Pining for Pluto

 Uncategorized
Sep 072003
 
Authors: Natalie Plowman

The extra stress some students feel when entering college may not be just school-related; it could also be the lack of unconditional love that a pet provides.

It has been proven that pets affect humans’ mental health and can “reduce stress-induced symptoms” according to the Holistic-online Web site.

Some students had to leave pets behind that had been a large part of their lives and are starting to feel the void.

Freshman Katie Micheals, a geology major, left cats, a dog and horses back home and began to miss them when she arrived at school.

“I felt kind of lonely,” she said. “I got sent pictures of some of them. I think it’s part of your comfort zone, and they’re not here.”

Pets have been shown to “boost people’s moods,” according to the pet therapy section of Holistic-online.

Students who have suffered from depression, anxiety or general stress-related problems know that having a pet can help with some problems just by being there to stroke on the head or talk to.

“Pet owners demonstrate less increase in blood pressure in response to mental stress than do non-pet owners,” according to the Web site http://stress.about.com/weekly/aa121801a.htm.

The effects that pets have on humans are not purely psychological; even physical changes such as a decrease in hypertension and an increased life span have been noted and studied in pet owners versus non-pet owners.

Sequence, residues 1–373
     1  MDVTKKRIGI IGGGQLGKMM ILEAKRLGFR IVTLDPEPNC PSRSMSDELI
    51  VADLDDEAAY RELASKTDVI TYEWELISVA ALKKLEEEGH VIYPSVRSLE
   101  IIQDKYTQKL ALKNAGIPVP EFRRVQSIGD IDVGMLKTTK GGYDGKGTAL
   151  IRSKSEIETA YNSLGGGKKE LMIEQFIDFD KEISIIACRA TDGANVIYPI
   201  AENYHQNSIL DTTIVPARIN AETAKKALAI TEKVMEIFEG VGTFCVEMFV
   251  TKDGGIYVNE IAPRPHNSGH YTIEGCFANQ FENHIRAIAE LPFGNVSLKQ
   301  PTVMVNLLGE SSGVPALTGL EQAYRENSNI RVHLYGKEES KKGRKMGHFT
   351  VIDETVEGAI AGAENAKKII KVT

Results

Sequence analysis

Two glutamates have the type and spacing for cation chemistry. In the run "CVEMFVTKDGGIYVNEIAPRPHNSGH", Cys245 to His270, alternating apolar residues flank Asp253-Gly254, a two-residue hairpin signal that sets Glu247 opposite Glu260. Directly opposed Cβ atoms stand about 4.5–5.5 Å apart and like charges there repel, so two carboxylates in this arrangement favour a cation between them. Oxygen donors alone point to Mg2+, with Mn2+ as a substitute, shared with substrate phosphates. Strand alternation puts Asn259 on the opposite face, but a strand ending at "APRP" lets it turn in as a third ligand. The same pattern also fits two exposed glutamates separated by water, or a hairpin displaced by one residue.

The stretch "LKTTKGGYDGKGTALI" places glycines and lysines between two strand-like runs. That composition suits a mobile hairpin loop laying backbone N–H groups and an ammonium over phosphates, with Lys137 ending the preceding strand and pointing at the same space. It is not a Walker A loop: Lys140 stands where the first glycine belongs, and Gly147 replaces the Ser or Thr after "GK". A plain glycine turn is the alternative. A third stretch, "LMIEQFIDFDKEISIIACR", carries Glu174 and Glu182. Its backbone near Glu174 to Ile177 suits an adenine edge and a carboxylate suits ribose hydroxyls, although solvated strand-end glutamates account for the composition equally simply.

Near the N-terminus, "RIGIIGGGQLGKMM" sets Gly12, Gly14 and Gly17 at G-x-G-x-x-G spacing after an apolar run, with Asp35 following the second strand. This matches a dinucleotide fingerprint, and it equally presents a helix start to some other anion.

Human-Animal Bond in Colorado has a research department on campus that studies the effect pets can have on humans.

Ben Granger, co-director of HABIC and professor emeritus of the School of Social Work, said adjusting to the absence of a pet or pets in students’ lives can be a “challenge, especially if a student has grown up with an animal.”

He believes a university pet visitation program could help students cope with missing a pet.

“Find someone who has a dog,” said Georgia Granger, co-director of HABIC. “We have over 100 dogs in our organization, something should be able to work out for kids who are missing their animals.”

Sophomore open option major Jazmin Gonzalez said she misses her German Shepherd and Rottweiler back home

“I would come home from school, they would just start jumping all over me, and now I don’t have that,” she said. “I would go with my pet and just talk to it. I do miss that, I needed that.”

Other students on campus can relate to missing that source of unconditional love.

“I don’t like sleeping by myself, it’s so quiet now,” said freshman Katie Miller, a psychology major who has a pug back home. “You’re just looking for comfort and they’re always there to provide that for you.”

Some students may decide to adopt a pet to help their loneliness and then later on cannot take the pet to a new apartment with them or have to move and drop the pet back off at the shelter.

“We do see them brought back to us and it’s kind of frustrating because of the negative effect on the animal,” said Cary Rentola, manager of community relations at the Humane Society of Larimer County. “We would rather see them come in and volunteer.”

For those who are interested in volunteering the Web site for the shelter is http://www.larimerhumane.org and the phone number is 226-3647.

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